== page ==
Finding Work in South America: Michael’s Story

Many of our TEFLers dream of carving out a teaching career in South America, but with so few jobs advertised online, it can be difficult to know where to begin: leaving TEFLers to question how they go about finding work in South America. We caught up with i-to-i graduate Michael, who is currently TEFLing in Buenos Aires, to find out how he ended up there!

Hi Michael! First off, tell us a little bit about yourself.

I was born and raised in Zimbabwe (Rhodesia) and lived there for many years, after which I decided to travel to Europe. After 2 years travelling around Europe, I went back to South Africa, got married, had two wonderful sons (one now married, living in Cape Town, my younger son lives in Canada). Whilst my business background is one of Marketing and Sales, from the day I left school I had this yearning to teach others. To impart knowledge to those that really want it. Right now I have a captive audience and for me it’s so self-rewarding to see people succeed.

What made you decide to TEFL in South America?

When I eventually left South Africa, having got divorced, I went to live in the Caribbean for 10 years.  I also travelled to the USA and Mexico frequently. I got to know and really enjoy the Latin Culture, plus I wanted to learn how to speak Spanish. I have a very good friend from Buenos Aires and decided to have a look. I loved it from day one.

How did you go about securing your first TEFL job?

Last year I sent out a whole lot of emails to different institutions.  I got very little response, but one institute replied and offered me work on the strength of my i-to-i certificate. They gave me a lot of work throughout the year and I survived, I earned enough to pay the rent, transportation, laundry, gym and buy food, plus at the end of the year I had plenty left over to start me off for 2015.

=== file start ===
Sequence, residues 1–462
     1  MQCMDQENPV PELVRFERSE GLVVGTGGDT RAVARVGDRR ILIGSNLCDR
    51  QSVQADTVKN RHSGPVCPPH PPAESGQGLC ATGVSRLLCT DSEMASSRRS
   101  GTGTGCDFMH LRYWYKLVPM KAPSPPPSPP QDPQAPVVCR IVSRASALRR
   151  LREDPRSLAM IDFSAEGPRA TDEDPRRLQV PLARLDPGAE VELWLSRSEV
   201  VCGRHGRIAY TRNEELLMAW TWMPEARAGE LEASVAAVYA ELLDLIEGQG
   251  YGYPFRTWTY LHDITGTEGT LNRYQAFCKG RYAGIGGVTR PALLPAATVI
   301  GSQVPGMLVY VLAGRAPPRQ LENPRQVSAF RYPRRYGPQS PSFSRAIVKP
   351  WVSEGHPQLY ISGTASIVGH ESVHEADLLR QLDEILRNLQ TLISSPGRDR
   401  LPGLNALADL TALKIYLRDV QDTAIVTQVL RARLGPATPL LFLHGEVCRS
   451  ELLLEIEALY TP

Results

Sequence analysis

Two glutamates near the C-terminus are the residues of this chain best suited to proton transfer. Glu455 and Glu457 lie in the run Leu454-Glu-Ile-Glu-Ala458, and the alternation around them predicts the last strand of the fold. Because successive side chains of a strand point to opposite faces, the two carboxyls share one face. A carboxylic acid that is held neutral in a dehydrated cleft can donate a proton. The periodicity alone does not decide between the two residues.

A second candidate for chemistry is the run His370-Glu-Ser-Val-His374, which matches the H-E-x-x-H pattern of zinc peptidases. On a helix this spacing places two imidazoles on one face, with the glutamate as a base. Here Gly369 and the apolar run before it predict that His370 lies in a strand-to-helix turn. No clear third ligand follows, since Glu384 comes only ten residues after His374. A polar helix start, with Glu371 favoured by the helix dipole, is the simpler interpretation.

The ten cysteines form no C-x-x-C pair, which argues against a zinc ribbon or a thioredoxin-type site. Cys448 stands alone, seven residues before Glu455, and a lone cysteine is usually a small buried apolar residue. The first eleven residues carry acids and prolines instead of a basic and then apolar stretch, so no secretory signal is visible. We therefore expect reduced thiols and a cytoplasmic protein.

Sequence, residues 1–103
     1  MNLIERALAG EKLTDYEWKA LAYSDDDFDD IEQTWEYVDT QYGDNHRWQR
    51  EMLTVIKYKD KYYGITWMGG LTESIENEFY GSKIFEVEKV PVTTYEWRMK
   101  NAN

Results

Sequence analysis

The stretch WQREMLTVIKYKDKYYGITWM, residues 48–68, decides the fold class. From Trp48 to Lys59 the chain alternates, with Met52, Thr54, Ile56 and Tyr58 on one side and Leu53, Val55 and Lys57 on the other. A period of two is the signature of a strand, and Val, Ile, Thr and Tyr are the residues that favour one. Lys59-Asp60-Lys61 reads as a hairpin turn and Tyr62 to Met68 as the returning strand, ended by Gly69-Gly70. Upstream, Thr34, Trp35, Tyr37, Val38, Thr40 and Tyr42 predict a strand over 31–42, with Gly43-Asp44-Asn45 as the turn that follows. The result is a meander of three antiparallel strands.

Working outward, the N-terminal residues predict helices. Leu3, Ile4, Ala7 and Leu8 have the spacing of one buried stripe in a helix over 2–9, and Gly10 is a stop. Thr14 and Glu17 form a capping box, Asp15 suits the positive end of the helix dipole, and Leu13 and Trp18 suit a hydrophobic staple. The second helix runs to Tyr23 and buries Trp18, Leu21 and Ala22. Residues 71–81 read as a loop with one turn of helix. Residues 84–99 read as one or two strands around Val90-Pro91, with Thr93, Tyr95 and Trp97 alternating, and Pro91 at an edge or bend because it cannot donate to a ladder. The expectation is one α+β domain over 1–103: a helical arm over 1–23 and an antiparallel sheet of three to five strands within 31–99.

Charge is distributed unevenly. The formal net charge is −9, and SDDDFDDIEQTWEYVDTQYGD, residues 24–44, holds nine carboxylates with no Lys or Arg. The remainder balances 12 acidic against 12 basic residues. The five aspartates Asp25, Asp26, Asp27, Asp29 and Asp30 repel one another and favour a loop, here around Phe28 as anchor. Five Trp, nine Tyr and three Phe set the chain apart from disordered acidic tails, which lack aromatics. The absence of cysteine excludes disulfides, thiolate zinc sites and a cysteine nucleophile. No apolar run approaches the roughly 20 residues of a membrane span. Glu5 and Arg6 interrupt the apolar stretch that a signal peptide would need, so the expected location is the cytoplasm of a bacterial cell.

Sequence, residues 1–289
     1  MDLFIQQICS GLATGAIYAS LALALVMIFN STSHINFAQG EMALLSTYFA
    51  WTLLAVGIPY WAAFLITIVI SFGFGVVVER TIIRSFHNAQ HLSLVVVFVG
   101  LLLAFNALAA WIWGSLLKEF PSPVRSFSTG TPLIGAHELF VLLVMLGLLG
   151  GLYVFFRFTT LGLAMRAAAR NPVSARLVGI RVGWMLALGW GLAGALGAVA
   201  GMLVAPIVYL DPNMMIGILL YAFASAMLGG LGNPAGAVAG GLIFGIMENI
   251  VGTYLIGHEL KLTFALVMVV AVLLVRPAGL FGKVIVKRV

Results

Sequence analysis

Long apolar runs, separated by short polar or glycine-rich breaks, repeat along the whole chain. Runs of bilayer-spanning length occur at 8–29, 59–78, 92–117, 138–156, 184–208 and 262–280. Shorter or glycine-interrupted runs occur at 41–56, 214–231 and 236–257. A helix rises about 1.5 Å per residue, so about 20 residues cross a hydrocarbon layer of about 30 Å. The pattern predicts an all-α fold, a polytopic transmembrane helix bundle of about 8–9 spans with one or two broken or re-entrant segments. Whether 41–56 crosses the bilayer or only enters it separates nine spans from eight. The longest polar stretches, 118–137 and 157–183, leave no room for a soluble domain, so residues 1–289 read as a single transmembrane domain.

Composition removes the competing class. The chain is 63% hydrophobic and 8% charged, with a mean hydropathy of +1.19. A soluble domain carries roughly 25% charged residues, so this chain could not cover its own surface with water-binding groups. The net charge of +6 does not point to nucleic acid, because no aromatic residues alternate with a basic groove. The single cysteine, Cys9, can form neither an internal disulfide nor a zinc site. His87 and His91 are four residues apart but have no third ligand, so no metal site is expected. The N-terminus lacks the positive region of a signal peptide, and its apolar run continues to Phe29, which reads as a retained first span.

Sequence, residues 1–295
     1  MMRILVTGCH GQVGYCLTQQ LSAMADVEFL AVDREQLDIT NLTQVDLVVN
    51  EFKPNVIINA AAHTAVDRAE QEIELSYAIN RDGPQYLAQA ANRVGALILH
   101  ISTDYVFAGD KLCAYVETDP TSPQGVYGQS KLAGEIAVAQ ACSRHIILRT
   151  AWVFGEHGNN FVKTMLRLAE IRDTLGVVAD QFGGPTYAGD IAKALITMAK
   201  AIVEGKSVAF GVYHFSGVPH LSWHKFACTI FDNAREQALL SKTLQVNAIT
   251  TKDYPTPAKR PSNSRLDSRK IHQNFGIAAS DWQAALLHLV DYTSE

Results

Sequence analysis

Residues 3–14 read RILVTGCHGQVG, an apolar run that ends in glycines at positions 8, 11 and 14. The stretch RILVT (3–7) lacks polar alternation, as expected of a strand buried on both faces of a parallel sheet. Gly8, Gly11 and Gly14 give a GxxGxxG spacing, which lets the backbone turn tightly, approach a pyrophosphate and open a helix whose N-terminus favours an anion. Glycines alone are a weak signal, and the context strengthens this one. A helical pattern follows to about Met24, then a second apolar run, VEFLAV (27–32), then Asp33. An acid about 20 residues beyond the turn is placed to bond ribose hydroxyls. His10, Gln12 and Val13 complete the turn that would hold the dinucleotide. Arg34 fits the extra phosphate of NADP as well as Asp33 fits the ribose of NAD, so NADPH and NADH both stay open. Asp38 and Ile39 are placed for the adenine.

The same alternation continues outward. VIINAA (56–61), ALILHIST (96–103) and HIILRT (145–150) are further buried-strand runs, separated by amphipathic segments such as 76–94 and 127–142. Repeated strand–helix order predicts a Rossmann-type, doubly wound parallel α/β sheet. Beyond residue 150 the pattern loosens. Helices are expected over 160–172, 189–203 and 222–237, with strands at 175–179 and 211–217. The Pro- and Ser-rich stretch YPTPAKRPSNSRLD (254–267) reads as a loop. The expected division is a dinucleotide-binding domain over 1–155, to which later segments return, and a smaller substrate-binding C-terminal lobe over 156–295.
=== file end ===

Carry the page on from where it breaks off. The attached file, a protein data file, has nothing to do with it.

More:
This year I decided to do the groundwork. I got onto Craigslist and sent out a lot of emails. Once again, the response was not overwhelming but I did get several positive responses and over and above my existing job, I have now managed to fill up the gaps. Two other institutes have given me plenty of work and provided I work hard I’ll probably be able to triple my income. I’m extremely happy. Right now I love this part of the world – and teaching English, of course!

What’s the best thing about teaching English in Argentina?

Buenos Aires is rich in culture and history. I find the people I have met to be absolutely fantastic. Wonderful warm people, and what about the TANGO?!?!  There is so much to do and see in the city, but there are also some great places outside of Buenos Aires too.

 

Michael in Argentina

 

Any other words of advice for someone hoping to find work in Argentina?

The important thing I think, is that one has to actually be in the city or the country to get the work. Institutions and private individuals want to physically meet up with you, chat with you and even get to know you.

There is so much demand for English here, it’s a huge city and I can recommend Buenos Aires to anybody wanting to start here. I’m so glad that I took the trouble to complete the i-to-i (140 hour) course.

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